LEGO Chain Reactions is packed full of ideas, instructions, and inspiration for 10 LEGO machines that spin, swing, pivot, roll, lift, and drop. Each machine alone is awesome, but put them together and you get incredible chain reactions. Then, combine the machines in any order you like to create your own chain reactions. Our team of experts worked with educators and 11-year-olds to invent the machines, then wrote a book that teaches the skills (and some of the physics behind the fun) kids need to create their own amazing chain reaction machines.Our book includes 33 special LEGO elements that combine with basic bricks from your collection to make your machines go. But don’t worry that you won’t have the right bricks; we worked with the folks at LEGO to make sure you’ll need only the most common bricks, and that there are plenty of substitutes. The result is a chain reaction of fun, as one thing leads to another and another and another.Comes with: 78 page book, 33 LEGO elements, 6 LEGO balls, 6 feet of string, 8 paper ramps, 2 paper pop-up signs, 1 paper funnel ramp, 1 paper flag, 1 paper bucket, 1 platform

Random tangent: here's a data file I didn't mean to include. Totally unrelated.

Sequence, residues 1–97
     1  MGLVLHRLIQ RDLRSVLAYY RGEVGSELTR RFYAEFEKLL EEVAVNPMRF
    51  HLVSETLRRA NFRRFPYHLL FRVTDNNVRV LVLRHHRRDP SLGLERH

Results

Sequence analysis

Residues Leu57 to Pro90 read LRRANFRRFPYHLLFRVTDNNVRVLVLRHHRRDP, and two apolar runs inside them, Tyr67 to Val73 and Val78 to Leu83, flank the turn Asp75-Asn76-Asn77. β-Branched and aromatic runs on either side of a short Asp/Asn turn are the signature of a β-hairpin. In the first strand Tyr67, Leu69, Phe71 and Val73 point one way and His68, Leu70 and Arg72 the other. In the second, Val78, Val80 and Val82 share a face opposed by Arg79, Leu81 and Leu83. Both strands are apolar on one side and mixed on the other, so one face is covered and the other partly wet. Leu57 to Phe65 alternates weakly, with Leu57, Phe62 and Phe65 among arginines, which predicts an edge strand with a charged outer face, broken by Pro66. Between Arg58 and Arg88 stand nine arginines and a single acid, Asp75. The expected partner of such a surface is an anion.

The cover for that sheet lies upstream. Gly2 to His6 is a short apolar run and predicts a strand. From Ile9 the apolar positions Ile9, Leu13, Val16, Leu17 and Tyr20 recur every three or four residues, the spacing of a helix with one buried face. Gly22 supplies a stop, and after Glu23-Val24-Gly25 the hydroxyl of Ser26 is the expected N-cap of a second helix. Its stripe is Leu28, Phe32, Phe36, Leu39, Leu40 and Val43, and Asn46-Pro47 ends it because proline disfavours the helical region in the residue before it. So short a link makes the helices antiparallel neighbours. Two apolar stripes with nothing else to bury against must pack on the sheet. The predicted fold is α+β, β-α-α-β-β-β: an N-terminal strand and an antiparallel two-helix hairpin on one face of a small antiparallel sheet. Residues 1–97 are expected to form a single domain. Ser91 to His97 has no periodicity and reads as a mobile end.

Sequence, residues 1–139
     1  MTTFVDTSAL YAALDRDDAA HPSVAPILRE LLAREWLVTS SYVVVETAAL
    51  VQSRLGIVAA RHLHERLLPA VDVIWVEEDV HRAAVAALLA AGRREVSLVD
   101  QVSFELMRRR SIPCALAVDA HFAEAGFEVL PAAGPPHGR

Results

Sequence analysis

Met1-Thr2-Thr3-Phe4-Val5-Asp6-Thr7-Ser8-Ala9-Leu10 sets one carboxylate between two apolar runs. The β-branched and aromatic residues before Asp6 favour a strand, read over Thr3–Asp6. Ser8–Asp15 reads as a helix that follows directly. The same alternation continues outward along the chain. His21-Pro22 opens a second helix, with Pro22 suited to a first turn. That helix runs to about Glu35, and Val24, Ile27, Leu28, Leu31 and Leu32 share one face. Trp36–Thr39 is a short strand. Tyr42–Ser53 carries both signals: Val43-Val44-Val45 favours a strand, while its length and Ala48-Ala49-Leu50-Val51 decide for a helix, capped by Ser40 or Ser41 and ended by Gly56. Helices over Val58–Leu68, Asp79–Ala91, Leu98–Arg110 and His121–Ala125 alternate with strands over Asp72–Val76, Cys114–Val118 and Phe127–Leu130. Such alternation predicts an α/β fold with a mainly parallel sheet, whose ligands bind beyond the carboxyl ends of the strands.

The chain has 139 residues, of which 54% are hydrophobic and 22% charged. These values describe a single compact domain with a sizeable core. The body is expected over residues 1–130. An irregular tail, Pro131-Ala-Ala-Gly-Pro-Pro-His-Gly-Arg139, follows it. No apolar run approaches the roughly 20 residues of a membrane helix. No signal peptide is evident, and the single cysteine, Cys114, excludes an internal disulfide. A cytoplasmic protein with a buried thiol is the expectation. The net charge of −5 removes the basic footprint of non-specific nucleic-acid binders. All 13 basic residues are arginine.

If Rube’s inventions are any indication, “normal” means something very different in the Goldberg household. For Rube, up is down, in is out, and the simplest path to accomplishing an everyday task—like brushing his teeth or getting dressed—is a humorously complicated one. Follow Rube as he sets out on a typical school day, overcomplicating each and every step from the time he wakes up in the morning until the time he goes to bed at night. This book features fourteen inventions, each depicting an interactive sequence whose purpose is to help Rube accomplish mundane daily tasks: a simple way to get ready for school, to make breakfast, to do his homework, and so much more.